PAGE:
Lichens: a partnership between kingdoms
Lichens can be easily confused with plants, mosses, fungi, or bacteria but in fact they are none of these. Lichens are a symbiotic partnership between very distinct life forms - a fungus (and sometimes more than one!) and a green alga and / or cyanobacterium.
The intimate partnerships that are formed have made lichens extremely versatile and allowed them to adapt and thrive across the globe, often in the harshest of environments. There are over 18,000 species of lichen described. Indeed, it has been suggested that up to 30% of all fungi might be able to form lichen associations!
Lichen symbiosis is thought to be a mutualistic relationship, where both the fungi involved (the mycobionts) and their photosynthetic partners (the photobionts) benefit. The mycobionts provide a protective structure and absorb nutrients needed by their partners, while the photobiont converts sunlight into energy that allows the lichen to capture carbon from the atmosphere and make into sugars. These sugars are then used for growth by both partners. This extraordinary collaboration results in the creation of an entirely new organism, the lichen, with characteristics distinct from its individual components.
As lichens, both symbionts can colonise and survive in challenging environments, from the arctic to the blistering deserts, where neither the fungi nor the algae could inhabit alone. In Arctic regions, lichens are essential for soil formation and make up as much as 95% of a reindeer’s diet! In deserts, they can withstand extreme droughts and serve as soil stabilisers, preventing the desert from expanding.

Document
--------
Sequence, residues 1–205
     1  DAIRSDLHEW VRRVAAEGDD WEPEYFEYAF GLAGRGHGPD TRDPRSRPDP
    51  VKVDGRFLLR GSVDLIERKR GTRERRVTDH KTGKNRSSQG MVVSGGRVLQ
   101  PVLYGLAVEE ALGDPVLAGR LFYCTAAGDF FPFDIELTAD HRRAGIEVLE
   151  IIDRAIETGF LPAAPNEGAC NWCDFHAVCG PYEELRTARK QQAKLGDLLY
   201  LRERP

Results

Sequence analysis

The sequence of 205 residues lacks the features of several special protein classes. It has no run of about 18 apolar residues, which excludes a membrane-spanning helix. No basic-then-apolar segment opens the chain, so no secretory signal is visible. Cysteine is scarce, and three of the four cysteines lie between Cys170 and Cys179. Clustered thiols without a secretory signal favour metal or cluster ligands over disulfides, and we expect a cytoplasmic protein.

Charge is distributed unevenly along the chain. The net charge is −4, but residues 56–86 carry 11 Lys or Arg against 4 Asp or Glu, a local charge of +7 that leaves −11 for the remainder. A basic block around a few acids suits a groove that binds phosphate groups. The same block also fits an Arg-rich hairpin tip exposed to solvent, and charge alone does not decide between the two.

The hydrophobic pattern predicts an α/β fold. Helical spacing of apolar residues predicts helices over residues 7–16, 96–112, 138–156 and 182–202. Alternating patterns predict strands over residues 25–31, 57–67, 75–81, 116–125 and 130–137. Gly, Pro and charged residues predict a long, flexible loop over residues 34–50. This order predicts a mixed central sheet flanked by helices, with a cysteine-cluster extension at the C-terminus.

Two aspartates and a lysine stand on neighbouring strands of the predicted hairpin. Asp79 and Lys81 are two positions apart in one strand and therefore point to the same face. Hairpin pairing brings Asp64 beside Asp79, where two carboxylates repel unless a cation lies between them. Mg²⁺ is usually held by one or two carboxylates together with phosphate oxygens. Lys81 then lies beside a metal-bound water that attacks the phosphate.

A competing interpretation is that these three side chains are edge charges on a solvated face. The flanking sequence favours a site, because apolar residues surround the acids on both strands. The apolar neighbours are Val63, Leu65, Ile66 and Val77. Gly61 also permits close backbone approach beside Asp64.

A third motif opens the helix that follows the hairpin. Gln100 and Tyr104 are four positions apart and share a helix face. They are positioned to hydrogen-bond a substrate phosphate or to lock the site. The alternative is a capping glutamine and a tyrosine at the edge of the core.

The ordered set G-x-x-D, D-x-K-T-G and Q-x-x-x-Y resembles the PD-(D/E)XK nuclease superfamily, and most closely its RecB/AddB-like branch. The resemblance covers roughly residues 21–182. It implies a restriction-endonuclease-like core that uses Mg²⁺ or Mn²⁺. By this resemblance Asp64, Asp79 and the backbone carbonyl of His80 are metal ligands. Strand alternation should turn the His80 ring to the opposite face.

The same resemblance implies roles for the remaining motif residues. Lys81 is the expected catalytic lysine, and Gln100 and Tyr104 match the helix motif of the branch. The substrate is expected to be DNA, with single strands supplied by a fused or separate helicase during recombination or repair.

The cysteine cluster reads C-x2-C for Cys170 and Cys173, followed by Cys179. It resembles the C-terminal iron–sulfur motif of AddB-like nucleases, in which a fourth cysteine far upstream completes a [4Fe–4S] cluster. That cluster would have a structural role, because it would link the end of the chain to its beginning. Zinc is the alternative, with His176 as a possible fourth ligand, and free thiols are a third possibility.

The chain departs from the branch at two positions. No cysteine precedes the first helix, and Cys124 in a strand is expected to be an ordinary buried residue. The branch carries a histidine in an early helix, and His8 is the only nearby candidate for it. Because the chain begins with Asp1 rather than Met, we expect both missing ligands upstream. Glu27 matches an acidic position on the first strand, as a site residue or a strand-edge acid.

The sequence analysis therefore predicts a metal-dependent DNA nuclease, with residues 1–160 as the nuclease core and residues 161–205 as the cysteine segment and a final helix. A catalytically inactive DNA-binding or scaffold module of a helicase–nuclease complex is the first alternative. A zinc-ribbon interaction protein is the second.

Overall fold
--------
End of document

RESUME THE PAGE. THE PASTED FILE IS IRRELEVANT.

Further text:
Their remarkable ability to survive in extreme environments, similar to those found on other planets, makes lichens ideal model organisms from astrobiological research. Studying lichens can help scientists understand the potential for life in outer space. Lichens have been used in experiments simulating Mars-like conditions, and their resistance to radiation and desiccation provides valuable insights into the limits of life’s existence beyond Earth. Lichens have even been taken into space to see how they survive - they are truly amazing.
Here on Earth, lichens have found practical applications in traditional medicine. Some lichens possess antimicrobial properties and have been used to treat wounds and infections. Additionally, with a nutritional value similar to that of cereals (!), certain lichen species have been consumed as food, providing essential nutrients and minerals. But unlike cereals, lichens cannot be farmed; they can only be wild harvested. When this is done unsustainably, it poses the risk of extinction for sought-after species. It is also crucial to note that not all lichens are safe for consumption, as some contain toxic compounds.
So next time you are looking at the bark of a tree or staring at the mosaic of coloured patterns on a tiled roof, take a time to think a little bit more about the truly amazing partnerships that can form between fungi and other kingdoms of life.